This is one area where the United States and Chinese officials have significant differences. We believe a top-down, government-led approach to guiding the future of the Internet would be fundamentally flawed.

It would threaten the vitality of the Internet by placing power in the hands of government decision makers in various parts of the world whose tendencies would be to weaken or impair its international character and dynamism.

The Internet therefore would move at the halting speed of government – which also politicizes many decisions – rather than the dynamic speed of innovation. We also believe that many of the millions of innovators in China – and hundreds of millions of Internet-connected citizens in China, the United States, and around the world who need quick and reliable Internet access to communicate, do business, and exchange data through national and global servers in order to prosper in this hyper-connected information era – would be disadvantaged as well.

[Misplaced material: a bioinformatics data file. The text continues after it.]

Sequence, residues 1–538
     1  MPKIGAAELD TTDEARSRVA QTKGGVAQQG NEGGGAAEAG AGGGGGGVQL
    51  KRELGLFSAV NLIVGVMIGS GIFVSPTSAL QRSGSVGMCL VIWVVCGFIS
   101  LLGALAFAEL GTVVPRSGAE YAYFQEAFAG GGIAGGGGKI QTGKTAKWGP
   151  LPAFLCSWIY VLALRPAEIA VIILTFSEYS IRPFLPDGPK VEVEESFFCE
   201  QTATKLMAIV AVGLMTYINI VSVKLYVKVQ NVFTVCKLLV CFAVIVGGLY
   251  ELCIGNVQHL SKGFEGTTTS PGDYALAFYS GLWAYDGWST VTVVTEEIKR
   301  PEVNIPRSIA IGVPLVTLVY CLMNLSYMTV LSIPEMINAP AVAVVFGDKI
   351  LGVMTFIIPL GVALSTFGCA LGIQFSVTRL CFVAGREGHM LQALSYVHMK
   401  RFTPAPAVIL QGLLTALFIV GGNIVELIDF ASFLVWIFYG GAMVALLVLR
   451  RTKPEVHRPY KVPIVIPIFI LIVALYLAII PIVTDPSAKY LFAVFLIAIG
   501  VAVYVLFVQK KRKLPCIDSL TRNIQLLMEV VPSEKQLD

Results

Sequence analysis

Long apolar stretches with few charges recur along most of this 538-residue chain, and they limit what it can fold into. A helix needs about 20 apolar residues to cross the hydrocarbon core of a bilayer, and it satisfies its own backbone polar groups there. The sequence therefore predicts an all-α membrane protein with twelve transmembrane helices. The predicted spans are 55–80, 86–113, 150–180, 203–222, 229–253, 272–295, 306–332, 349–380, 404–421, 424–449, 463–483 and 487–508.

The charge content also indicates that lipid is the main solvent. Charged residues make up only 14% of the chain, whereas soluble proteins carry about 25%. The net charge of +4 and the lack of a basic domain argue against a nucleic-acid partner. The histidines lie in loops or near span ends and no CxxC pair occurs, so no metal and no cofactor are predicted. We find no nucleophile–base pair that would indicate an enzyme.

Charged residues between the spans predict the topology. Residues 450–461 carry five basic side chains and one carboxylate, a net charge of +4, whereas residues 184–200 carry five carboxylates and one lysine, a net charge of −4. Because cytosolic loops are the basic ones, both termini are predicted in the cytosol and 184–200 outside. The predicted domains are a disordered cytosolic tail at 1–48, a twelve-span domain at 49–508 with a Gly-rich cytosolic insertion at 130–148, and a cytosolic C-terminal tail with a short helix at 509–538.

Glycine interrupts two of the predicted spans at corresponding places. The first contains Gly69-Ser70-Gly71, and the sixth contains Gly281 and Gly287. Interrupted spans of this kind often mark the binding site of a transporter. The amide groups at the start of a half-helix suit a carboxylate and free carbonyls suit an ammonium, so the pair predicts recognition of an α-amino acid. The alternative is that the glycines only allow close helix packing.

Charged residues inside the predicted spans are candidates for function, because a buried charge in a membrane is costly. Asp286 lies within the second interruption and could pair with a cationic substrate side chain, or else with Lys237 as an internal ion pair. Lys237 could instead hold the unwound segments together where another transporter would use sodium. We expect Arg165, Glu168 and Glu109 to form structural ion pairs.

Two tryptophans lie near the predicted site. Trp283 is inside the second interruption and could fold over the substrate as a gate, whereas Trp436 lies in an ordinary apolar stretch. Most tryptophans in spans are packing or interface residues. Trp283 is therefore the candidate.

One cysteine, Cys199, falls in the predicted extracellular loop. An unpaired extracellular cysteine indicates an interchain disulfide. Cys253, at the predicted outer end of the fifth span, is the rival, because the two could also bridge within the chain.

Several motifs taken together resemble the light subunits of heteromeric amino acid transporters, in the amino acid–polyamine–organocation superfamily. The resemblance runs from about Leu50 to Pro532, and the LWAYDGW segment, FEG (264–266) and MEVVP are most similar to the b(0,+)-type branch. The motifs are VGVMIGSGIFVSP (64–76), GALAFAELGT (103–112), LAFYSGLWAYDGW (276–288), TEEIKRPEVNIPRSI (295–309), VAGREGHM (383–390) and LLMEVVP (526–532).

But while the United States and China were not in agreement on signing the final acts of WCIT, it is imperative now as we attempt to embrace the future that we seek to move beyond these divisions and work to pursue meaningful opportunities to address this divide.

I believe there is room for the U.S. and China to enhance cooperation on Internet governance. And I believe we can find common ground in multi-stakeholder Internet institutions by working to ensure the full representation of all stakeholders – including, indeed epecially, the private sector and a wide range of innovators.

And as we do so, transparency must be a key priority, which brings me to my second topic and that is Internet freedom. The U.S. Government strongly supports respect for freedom of expression, including on the Internet. This goes back to the founding of our nation.

Thomas Jefferson – the United States' first secretary of state and third president – wrote, "The will of the the only legitimate foundation of any government, and to protect its free expression should be our first object."